Hungary for surprise: growth of one of F1's most iconic events
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The trip across no man’s land conjured images of spy novels with the tall fences topped with barbed wire, and high lookout towers.
Soon we came upon a huge steel barrier with armed guards. Slowly the guards raised the road blockade and bade us entry.
Travel documents were passed through a slot in a one-person hut and the slot closed.
We waited in the 30C heat — admittedly in a $2 million motorhome with air con — until another border guard handed the documents back and said, in heavily accented English “Welcome to Hungary”.
We were behind the Iron Curtain.
That was in 1986 and we were in a vanguard of F1 team vehicles heading to the first Hungarian F1 Grand Prix, and the first in a Communist country.
Last weekend was the 34th anniversary of that event.
Even leaving the border and heading to the circuit, a distance of about 200km, each vehicle had to be accompanied by a “guide” to ensure we did not stray off the designated route.
Our guide was in awe of this huge American motorhome, especially when he was offered a cold drink and watched as the double-door refrigerator opened to reveal all manner of refreshments.
He asked to take the empty Coke cans after consuming the contents.
Before we had left for Hungary we were given a list of dos and don’ts from the UK Home office.
Paranoia we thought, as they advised us not to have private conversations in the hotel rooms, no English newspapers and all manner of other John le Carre type advice.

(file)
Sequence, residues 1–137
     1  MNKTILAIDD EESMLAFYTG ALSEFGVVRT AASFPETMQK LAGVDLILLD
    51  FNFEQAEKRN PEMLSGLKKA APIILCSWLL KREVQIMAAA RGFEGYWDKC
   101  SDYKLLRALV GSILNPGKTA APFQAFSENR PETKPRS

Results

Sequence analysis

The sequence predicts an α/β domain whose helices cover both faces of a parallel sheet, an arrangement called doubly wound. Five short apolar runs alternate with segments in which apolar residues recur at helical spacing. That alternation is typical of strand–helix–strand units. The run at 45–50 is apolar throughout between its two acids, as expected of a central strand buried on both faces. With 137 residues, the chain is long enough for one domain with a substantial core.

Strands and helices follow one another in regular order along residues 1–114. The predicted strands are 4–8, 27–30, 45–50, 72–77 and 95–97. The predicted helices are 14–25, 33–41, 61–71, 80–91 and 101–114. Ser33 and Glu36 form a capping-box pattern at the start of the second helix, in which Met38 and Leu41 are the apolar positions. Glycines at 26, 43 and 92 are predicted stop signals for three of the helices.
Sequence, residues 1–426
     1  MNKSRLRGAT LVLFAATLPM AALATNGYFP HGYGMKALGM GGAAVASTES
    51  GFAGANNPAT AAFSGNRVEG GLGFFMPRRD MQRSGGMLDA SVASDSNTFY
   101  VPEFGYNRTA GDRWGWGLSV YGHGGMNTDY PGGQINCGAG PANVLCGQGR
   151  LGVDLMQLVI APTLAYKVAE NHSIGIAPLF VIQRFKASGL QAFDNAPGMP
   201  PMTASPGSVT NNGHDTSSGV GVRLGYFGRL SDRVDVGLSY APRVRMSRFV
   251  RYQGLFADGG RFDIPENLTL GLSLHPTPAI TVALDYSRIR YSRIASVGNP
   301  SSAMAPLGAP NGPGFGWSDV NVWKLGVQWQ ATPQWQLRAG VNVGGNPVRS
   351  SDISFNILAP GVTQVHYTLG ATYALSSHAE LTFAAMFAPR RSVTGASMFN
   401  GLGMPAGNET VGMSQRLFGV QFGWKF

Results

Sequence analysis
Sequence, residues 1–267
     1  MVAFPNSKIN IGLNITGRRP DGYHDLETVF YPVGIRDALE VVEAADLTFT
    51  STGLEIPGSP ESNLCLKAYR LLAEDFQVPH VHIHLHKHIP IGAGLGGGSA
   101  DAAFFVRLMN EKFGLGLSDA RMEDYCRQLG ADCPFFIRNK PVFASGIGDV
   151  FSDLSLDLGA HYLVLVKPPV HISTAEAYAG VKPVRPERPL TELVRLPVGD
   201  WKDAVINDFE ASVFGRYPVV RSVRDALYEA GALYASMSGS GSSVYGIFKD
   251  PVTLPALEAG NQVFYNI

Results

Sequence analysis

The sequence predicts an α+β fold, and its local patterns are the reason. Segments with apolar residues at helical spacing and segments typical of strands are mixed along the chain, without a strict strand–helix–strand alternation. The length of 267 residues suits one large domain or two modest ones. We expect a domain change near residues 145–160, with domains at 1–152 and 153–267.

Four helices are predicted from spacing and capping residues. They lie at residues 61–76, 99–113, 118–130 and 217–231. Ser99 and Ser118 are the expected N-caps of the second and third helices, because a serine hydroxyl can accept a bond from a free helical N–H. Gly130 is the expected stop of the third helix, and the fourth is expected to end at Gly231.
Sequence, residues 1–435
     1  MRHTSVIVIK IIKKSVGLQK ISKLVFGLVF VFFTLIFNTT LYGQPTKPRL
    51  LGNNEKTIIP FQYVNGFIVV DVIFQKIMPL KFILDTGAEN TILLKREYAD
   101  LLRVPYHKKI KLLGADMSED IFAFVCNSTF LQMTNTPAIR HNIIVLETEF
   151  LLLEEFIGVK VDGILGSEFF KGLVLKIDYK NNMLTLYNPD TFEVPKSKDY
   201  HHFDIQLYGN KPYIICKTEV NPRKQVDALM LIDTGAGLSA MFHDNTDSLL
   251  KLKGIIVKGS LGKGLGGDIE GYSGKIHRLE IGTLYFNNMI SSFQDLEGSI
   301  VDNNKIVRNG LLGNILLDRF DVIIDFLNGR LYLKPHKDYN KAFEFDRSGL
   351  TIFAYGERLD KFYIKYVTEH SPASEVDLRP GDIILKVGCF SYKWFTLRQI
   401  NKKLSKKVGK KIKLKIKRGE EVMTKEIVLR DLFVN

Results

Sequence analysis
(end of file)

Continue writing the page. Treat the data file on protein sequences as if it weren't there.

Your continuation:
In the event, the people could not have been friendlier in this most beautiful of cities.
The first taxi ride was also the first time riding in a Trabant, the little smoking two-stroke engined automotive symbol of communism.
Supermarkets had little in the way of fresh meat but tins of caviar were easily bought.
Reminders of the Soviet occupation of Hungary were evident with the pockmarks of the shells and bullets from the crushed revolution of 1956 still evident on buildings.
The track, set in a natural bowl with great spectator views, was the first in the world to have been constructed solely for F1. Amazingly, the race still thrives with huge crowds and only Monza and Monaco have hosted more consecutive F1 races.
But the event can still throw up surprises for the F1 circus. With prostitution legal in Hungary, in 2000 the track was favoured by the “world’s first open air brothel” somewhere on the spectator areas around turn four.
The Iron Curtain fell in 1989 and now the journey over the border from Austria to Hungary is no more taxing than any other in Europe but the unified cities of Buda and Pest remain beautiful.
With limited overtaking opportunities, the Hungaroring can produce processional races while at the same time being one of the most difficult to master. But, as we saw last weekend with the battle between Lewis Hamilton and Max Verstappen, it also is reputed to be one of the most demanding to win.
For the record, the 1986 Grand Prix was won by Nelson Piquet driving a Williams-Honda from Ayrton Senna in a Lotus-Renault and third was Nigel Mansell in another Williams-Honda.
How times change.
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